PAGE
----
Joe Biden

Former Vice President Joe Biden may have to explain a speech from May that’s resurfaced on social media if he indeed plans on running for president.

Twitter user Drogon recently dug up a speech Joe Biden gave to the Brookings Institution in May of 2018 in which he made an eyebrow-raising comment appearing to show support for outgoing House Speaker Paul Ryan’s (R-Wisconsin) controversial agenda to cut earned benefits like Social Security and Medicare.

“Paul Ryan was correct when he did the tax code. What’s the first thing he decided we had to go after? Social Security and Medicare. Now, we need to do something about Social Security and Medicare, that’s the only way you can find room to pay for it,” Biden said in the video.

Curtailing earned benefits has long been a pet project of leading Republicans, like Paul Ryan and Senate Majority Leader Mitch McConnell (R-Kentucky). Prior to the 2018 midterm election, Sen. McConnell said that Social Security, Medicare, and Medicaid were the leading cause of current deficits and called for cuts to those programs as a means of reducing the federal deficit. Ryan zeroed in on Medicare in December of 2017, calling for cuts to the program in order to curb future federal spending.

Of course, both Ryan and McConnell voted for President Trump’s tax cuts that disproportionately benefited corporations and the wealthy at the end of 2017, which costs the federal government $1.5 trillion over a ten-year period. A July 2018 analysis by the New York Times estimated that the tax cuts were growing the federal deficit by roughly $100 billion each year.

Moreover, Social Security funding would be met for the next 75 years if Congress simply removed the payroll tax cap. Currently, annual earnings above $110,100 are untaxed for Social Security purposes, according to the American Association of Retired Persons (AARP). The AARP calculates that, if this cap were eliminated, and all earnings above that cap were taxed at the same 6.2 percent currently paid by working class earners, Social Security would be fully funded for nearly the full remainder of the 21st century.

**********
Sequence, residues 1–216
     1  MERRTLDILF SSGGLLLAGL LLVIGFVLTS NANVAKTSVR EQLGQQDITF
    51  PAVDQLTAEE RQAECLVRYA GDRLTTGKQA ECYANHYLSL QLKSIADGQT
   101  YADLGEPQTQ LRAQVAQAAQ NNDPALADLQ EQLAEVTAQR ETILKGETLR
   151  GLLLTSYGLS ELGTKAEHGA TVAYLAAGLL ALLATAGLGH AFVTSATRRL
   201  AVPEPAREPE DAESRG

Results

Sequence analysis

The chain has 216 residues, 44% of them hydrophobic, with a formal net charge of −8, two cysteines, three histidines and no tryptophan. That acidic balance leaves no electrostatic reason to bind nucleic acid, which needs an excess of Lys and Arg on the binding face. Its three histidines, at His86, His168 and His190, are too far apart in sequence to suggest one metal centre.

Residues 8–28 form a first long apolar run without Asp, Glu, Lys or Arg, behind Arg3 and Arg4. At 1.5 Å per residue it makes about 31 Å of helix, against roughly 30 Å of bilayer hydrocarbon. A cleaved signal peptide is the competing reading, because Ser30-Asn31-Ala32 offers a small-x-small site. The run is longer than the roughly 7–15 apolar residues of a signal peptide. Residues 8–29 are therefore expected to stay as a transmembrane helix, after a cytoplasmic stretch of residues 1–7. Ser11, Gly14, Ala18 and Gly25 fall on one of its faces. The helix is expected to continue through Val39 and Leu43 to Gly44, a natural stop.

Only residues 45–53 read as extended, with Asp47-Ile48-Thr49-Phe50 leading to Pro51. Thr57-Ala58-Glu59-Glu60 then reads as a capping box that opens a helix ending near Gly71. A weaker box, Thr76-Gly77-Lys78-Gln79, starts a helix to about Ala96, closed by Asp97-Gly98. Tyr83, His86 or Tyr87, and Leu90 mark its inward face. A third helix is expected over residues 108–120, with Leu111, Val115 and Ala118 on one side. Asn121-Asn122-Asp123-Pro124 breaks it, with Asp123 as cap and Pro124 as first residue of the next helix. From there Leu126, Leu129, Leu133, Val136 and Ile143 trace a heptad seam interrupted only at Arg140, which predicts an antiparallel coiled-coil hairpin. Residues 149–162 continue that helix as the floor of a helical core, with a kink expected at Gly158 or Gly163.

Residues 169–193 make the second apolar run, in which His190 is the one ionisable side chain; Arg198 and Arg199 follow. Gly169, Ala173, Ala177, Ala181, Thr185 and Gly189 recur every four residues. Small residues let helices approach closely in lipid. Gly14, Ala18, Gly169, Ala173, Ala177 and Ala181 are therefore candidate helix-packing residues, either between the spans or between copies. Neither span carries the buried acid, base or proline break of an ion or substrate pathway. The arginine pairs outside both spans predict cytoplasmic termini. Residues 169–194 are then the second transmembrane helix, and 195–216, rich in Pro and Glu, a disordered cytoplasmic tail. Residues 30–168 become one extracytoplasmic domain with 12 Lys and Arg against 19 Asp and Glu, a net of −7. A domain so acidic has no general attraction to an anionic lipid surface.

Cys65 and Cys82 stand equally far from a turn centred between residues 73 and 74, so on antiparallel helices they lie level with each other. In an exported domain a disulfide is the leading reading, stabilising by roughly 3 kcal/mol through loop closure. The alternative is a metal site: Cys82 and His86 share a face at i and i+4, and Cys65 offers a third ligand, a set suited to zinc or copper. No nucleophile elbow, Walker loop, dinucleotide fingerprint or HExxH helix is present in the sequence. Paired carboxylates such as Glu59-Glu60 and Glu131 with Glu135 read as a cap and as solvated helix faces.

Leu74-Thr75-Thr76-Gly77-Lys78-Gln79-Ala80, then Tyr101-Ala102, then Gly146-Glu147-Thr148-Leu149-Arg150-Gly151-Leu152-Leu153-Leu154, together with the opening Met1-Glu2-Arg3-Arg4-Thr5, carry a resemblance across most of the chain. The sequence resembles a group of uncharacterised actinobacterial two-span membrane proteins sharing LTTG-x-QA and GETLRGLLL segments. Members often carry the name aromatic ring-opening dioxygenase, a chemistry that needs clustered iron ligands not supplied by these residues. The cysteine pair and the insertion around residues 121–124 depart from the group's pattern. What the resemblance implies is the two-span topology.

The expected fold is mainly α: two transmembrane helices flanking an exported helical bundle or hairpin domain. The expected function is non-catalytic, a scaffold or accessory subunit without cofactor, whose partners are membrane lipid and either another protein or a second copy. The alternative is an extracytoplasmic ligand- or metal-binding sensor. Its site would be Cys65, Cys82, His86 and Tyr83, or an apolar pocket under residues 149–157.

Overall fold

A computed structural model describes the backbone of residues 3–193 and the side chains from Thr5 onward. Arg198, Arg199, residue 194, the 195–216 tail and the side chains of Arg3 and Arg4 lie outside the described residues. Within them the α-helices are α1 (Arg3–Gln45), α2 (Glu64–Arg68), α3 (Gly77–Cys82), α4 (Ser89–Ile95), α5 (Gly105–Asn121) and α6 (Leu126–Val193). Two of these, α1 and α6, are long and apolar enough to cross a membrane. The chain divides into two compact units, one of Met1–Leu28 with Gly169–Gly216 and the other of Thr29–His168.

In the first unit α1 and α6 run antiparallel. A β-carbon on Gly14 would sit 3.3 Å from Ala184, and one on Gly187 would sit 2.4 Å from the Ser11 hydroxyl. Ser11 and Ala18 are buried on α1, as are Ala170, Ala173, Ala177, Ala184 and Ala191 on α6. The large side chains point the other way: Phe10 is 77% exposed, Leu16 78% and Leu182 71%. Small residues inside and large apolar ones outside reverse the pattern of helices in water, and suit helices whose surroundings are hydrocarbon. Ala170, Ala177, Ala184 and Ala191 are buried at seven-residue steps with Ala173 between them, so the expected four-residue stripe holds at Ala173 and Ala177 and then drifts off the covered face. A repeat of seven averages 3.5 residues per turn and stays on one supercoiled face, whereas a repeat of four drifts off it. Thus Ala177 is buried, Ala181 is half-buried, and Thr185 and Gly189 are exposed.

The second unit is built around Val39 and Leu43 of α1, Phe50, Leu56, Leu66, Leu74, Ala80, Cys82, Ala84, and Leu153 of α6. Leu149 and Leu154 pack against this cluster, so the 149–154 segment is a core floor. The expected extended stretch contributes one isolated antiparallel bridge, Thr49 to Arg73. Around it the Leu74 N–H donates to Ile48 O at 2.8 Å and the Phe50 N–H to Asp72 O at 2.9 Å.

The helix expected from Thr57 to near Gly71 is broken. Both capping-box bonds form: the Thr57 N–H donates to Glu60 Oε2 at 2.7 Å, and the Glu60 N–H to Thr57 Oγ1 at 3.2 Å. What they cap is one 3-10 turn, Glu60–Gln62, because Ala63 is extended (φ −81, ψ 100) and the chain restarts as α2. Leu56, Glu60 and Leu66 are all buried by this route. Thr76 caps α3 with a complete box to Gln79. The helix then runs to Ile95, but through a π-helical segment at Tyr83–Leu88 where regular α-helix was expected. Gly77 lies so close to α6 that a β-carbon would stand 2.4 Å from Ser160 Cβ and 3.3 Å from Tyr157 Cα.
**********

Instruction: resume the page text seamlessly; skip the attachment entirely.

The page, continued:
Joe Biden is likely not in favor of taxing the wealthy in order to keep Social Security funded, according to his May 2018 speech at Brookings. In that same speech, the former vice president distanced himself from Senator Bernie Sanders’ (I-Vermont) condemnations of wealth concentration and suggested billionaires remain exempt from paying Social Security taxes, since they themselves don’t depend on the program.

“I don’t think 500 billionaires are the reason why we’re in trouble… We have not seen this huge concentration of wealth, and the folks at the top aren’t bad guys.” Joe Biden told the audience. “I don’t know a whole lot of people in the top one-tenth of one percent, or the top one percent who are relying on Social Security when they retire.”

Joe Biden is wrong, however, when saying he hasn’t seen “this huge concentration of wealth.” A December 2017 report by the Institute for Policy Studies found that the combined net worth of Amazon CEO Jeff Bezos, Microsoft CEO Bill Gates, and Berkshire Hathaway CEO Warren Buffett was greater than the combined assets of the poorest 160 million Americans. That same report also found that the Forbes list of the 400 wealthiest Americans’ $2.68 trillion combined net worth was greater than the gross domestic product of the United Kingdom.

New Deal and Great Society programs like Social Security and Medicare are consistently some of the most popular programs in public opinion polls. A 2017 poll from Pew Research found that only three percent of Democrats and 10 percent of Republicans supported cuts to Social Security, and only five percent of Democrats and 15 percent of Republicans were in favor of cutting Medicare. If Biden were to run for the White House on cutting these programs, it would almost certainly doom his chances of capturing the Democratic nomination.


Tom Cahill is a contributor for Grit Post who covers political and economic news. He lives in Bend, Oregon. Send him an email at tom DOT v DOT cahill AT gmail DOT com.

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